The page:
- Associated Press - Wednesday, November 9, 2016

OMAHA, Neb. (AP) - Nebraska voters have reinstated the state’s death penalty and threw their support behind Republican Donald Trump, while Omaha-area voters ousted the state’s lone Democratic congressman.

The election was also a shake-up for the Legislature, which will see at least a dozen new faces next year due to a combination of term limits and at least one incumbent who lost his seat.

Here are some important developments in this year’s election:



Nebraska voters reinstated the death penalty, reversing the Legislature’s decision last year to repeal capital punishment with a ballot campaign partially financed by Republican Gov. Pete Ricketts.

The Legislature’s vote to abolish capital punishment triggered a multimillion-dollar campaign battle between death penalty supporters and opponents. Nebraska’s largest law enforcement groups urged voters to reinstate the punishment, while religious leaders spoken against it.

Lincoln attorney Bob Evnen, who campaigned in support of the death penalty, said voters sent a clear message that they believe the punishment is appropriate for the most heinous crimes.

“My hope is (policymakers) will take to heart what happened tonight,” Evnen said.

Dan Parsons, a spokesman for the anti-death penalty group Retain a Just Nebraska, said it’s still unlikely Nebraska will carry out an execution anytime soon.

“The voters have spoken, and a majority want the death penalty to work,” Parsons said. “Unfortunately, that’s a false promise.”

Nebraska has 10 men on death row but hasn’t executed an inmate since 1997, when it used the electric chair. The state currently lacks all the drugs required for its lethal injection protocol, but state officials have floated the idea of changing the protocol.



Republican Donald Trump won all five of Nebraska’s electoral votes Tuesday, claiming even the hotly contested 2nd Congressional District in Omaha that Democrats had hoped to secure for Hillary Clinton.

Trump thwarted Clinton’s attempt to win the Omaha-centered district, which went to Democrat Barack Obama when Nebraska split its electoral votes for the first time in 2008.

Nebraska and Maine are the only states where it’s possible to divide electoral votes between presidential candidates.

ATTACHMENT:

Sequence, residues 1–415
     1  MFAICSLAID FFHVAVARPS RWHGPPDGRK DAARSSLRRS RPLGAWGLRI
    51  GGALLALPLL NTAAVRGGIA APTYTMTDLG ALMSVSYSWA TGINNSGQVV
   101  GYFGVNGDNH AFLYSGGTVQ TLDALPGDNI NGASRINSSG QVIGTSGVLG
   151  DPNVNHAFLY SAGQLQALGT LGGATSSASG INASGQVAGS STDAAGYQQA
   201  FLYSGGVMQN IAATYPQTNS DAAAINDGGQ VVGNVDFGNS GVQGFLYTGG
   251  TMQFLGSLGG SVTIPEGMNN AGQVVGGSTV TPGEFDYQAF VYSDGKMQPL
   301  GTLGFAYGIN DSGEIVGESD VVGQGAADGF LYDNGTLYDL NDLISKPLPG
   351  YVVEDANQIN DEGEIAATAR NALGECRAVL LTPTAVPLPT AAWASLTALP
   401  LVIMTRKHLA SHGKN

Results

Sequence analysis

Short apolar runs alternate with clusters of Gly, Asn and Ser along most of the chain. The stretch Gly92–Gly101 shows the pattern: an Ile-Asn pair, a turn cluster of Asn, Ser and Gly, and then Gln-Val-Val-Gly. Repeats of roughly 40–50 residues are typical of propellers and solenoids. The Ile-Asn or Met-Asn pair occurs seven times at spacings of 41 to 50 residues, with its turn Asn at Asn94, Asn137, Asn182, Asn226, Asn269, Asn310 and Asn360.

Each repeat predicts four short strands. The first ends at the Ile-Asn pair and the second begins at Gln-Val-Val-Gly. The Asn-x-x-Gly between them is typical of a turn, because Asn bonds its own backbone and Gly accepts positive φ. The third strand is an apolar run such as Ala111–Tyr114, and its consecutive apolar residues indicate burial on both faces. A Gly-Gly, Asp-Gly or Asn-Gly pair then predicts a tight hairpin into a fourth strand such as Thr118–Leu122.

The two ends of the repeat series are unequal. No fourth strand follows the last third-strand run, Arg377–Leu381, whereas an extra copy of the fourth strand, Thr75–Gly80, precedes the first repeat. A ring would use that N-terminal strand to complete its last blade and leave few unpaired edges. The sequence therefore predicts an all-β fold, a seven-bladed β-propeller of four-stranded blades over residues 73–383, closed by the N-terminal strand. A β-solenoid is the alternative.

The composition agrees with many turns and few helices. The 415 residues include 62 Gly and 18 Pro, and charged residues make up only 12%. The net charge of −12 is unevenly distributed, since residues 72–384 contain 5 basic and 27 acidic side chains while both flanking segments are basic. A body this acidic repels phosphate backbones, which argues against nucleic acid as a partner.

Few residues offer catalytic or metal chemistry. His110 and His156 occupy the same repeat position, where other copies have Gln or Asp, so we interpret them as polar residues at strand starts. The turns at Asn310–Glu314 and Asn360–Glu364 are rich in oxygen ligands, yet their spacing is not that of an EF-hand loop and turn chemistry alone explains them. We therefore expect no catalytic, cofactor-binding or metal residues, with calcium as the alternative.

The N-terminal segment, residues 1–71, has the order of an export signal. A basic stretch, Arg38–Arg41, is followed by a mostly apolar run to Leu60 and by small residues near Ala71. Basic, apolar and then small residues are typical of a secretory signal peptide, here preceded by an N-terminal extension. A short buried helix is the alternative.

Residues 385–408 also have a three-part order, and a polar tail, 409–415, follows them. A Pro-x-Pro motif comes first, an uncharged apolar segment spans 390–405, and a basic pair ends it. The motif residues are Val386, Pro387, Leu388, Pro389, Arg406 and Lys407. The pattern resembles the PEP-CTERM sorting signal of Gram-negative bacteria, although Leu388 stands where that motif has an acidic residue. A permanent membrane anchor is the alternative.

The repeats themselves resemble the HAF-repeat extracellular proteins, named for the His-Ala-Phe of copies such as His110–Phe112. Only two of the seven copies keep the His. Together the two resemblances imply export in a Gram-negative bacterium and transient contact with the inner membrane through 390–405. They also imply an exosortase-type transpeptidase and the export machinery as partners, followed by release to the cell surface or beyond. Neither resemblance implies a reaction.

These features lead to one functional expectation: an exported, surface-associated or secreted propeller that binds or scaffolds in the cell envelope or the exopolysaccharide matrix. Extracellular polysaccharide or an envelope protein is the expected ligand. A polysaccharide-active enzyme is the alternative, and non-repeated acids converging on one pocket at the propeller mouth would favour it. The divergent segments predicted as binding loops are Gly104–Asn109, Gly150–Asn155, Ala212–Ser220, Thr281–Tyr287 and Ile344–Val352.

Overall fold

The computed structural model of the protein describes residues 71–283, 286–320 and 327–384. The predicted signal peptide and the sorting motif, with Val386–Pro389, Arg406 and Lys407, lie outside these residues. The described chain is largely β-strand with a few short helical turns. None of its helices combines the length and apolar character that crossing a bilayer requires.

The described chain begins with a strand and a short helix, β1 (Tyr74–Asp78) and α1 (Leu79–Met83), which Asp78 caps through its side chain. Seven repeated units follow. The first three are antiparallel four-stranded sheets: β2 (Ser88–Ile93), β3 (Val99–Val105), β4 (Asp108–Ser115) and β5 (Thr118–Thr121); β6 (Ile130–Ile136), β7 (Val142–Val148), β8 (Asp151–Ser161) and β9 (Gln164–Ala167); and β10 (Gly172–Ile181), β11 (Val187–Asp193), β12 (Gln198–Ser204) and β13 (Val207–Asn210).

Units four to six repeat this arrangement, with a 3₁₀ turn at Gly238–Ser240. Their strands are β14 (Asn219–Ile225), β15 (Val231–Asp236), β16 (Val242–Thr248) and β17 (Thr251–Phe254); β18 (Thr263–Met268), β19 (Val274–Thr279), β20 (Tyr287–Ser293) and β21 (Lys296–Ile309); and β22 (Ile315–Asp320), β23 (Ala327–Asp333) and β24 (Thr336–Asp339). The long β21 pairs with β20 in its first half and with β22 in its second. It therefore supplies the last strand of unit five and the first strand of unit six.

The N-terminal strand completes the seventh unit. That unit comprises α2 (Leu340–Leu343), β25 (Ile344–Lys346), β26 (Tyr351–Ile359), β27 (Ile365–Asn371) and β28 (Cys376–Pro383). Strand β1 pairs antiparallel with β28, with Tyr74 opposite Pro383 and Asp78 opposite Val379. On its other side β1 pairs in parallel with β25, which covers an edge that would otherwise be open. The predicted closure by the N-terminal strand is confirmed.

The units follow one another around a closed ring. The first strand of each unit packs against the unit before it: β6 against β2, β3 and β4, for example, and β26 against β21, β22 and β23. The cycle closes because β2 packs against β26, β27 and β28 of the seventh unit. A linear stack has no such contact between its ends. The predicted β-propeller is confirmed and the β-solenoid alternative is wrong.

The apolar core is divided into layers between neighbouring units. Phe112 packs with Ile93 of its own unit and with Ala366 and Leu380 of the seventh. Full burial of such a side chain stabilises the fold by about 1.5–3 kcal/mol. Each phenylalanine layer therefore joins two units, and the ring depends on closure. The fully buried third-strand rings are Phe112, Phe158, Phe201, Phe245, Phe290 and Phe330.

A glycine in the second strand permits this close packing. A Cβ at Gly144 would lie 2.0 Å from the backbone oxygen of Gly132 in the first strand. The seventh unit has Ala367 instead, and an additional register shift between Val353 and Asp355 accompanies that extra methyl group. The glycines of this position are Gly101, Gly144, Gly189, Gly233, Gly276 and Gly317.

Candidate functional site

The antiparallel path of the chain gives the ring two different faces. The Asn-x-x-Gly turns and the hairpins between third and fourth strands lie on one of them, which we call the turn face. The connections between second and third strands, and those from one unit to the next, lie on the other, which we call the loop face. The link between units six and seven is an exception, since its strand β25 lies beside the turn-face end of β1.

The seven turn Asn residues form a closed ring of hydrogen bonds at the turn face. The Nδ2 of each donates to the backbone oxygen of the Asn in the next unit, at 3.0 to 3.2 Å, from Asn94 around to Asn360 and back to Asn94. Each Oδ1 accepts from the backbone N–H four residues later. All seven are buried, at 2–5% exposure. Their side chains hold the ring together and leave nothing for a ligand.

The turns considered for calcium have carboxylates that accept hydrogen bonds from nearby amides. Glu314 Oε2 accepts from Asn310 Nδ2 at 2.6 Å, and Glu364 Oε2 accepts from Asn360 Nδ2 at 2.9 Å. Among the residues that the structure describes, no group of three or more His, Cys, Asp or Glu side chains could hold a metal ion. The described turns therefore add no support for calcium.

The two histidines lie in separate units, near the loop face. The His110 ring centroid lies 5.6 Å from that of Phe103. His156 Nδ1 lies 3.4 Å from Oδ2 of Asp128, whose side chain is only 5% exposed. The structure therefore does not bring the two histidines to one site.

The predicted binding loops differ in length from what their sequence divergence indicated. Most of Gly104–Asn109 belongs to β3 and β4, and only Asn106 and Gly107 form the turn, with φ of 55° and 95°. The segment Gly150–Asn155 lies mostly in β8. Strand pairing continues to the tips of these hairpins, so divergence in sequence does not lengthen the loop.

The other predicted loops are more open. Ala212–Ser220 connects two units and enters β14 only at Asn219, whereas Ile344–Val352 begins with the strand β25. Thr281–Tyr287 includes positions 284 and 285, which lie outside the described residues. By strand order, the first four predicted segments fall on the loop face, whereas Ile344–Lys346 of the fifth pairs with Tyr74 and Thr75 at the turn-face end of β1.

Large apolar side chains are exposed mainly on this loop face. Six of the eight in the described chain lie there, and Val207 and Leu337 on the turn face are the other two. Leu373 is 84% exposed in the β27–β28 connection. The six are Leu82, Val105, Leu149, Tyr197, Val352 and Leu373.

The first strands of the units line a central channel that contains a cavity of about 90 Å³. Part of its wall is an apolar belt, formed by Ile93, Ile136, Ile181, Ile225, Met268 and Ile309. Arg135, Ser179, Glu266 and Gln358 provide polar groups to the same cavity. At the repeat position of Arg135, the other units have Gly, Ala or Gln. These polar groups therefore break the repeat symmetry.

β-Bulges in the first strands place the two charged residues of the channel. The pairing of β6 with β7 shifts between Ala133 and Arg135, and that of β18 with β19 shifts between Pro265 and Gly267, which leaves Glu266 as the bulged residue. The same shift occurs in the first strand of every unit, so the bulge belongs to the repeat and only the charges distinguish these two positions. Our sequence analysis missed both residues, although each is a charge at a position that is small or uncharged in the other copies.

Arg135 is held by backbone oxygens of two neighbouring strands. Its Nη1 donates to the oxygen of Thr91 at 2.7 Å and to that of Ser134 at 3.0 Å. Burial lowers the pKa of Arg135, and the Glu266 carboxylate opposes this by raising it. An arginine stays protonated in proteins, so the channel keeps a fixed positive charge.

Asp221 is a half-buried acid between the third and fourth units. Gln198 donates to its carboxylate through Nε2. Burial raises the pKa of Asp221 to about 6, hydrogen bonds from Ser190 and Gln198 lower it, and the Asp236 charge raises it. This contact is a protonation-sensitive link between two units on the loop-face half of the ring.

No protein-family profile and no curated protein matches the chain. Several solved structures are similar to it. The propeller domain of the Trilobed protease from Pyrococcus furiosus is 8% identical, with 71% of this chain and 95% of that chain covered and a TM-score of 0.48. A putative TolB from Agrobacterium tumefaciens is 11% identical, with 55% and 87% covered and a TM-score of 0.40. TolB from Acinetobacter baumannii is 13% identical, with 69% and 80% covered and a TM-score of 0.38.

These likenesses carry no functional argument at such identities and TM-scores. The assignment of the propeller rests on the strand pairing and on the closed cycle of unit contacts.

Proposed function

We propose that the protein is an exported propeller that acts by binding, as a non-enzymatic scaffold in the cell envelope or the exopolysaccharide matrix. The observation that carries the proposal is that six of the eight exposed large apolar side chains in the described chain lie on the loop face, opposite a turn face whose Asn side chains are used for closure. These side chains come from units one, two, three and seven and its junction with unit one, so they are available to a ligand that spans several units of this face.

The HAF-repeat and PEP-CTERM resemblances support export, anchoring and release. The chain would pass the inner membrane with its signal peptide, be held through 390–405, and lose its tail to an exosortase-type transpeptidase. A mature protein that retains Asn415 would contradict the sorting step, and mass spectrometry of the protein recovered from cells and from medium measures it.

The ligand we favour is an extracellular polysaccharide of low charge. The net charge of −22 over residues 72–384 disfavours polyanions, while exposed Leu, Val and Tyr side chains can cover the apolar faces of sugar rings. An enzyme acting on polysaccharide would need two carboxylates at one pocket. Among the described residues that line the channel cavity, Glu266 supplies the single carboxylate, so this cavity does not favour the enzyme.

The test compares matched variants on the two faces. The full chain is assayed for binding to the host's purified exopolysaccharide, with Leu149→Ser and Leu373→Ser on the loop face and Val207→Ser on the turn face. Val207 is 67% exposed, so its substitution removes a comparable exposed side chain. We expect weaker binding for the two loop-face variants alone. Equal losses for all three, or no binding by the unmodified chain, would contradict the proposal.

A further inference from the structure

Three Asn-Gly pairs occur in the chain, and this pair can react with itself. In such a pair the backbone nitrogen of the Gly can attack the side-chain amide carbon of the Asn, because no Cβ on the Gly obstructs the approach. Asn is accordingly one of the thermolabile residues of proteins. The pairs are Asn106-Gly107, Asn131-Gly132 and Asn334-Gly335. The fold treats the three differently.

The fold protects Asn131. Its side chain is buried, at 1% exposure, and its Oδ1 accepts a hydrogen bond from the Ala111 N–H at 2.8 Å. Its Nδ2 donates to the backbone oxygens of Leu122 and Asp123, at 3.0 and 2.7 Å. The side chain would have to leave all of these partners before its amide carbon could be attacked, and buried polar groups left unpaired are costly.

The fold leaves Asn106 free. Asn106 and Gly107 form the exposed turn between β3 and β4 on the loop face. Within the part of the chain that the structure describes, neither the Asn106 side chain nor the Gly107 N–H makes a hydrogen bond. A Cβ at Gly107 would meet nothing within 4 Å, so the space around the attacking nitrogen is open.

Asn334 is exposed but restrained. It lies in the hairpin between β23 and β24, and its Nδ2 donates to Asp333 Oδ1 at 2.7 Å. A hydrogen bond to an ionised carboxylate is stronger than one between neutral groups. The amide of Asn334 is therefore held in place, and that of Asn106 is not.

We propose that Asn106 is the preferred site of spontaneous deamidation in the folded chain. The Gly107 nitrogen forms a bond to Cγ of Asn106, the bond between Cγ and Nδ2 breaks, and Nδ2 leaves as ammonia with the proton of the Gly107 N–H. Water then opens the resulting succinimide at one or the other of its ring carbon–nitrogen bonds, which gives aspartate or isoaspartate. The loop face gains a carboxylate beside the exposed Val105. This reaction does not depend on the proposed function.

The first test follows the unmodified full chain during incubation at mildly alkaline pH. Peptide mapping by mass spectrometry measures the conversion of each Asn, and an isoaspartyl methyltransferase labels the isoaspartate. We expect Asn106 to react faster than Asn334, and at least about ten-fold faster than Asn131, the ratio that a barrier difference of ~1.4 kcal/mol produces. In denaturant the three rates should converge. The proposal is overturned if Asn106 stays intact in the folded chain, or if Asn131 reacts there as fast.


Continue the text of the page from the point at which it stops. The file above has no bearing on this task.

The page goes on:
Clinton visited Omaha in August for a rally with billionaire Warren Buffett, and Bill and Chelsea Clinton campaigned in the city before Nebraska’s May primary. Trump has established a campaign office in Omaha and visited in May, shortly after the last of his primary opponents dropped out.



Republicans hoping to again claim all of Nebraska’s congressional offices got their wish Tuesday when GOP challenger Don Bacon defeated incumbent Democrat Rep. Brad Ashford in the state’s Omaha-centered 2nd District.

Ashford had sought a second term, touting himself as a champion of bipartisanship in a gridlocked Congress. In 2014 he became the first Democrat in 22 years to win the district after defeating 16-year Republican incumbent Lee Terry.

That left state Republican vowing to retake the seat in the next election.

Bacon, a retired Air Force brigadier general, managed a squeaker of win, with barely more than 49 percent of the votes. Bacon resonated with voters by painting himself as a Washington outsider whose conservative policies are more in line with conservative Nebraskans.

He’ll enter Congress in January as a member of the majority party after Republicans on Tuesday clinched continued House control for the new Congress.

In Nebraska’s 1st District, GOP Rep. Jeff Fortenberry easily won re-election to a seventh term, defeating Democrat and political newcomer Daniel Wik, a Norfolk pain management doctor. In the vast, rural 3rd District, Republican Rep. Adrian Smith ran unopposed.



Nebraska Republicans easily held onto their majority in the state’s one-house, officially nonpartisan Legislature, with candidates prevailing in enough races to remain the dominant party even though senators aren’t controlled by formal party leadership.

New senators are expected to fill 11 seats that were open because of term limits, plus one where a GOP incumbent was ousted in the May primary. In addition, Republican state Sen. Al Davis of Hyannis lost to a more conservative challenger, Tom Brewer of Gordon.

Nebraska’s Legislature has been comprised of 35 Republicans, 12 Democrats, one left-leaning independent and one Libertarian. Some Republican incumbents who weren’t up for election are known to break ranks.

The Legislature could see a major shake-up next year because of term limits and a push by conservatives to unseat more moderate incumbents.

Despite a Republican majority, the officially nonpartisan Legislature has shown an independent streak in recent years by abolishing capital punishment, increasing the gas tax, and allowing drivers’ and professional licenses for youths who came to the country illegally with their parents.

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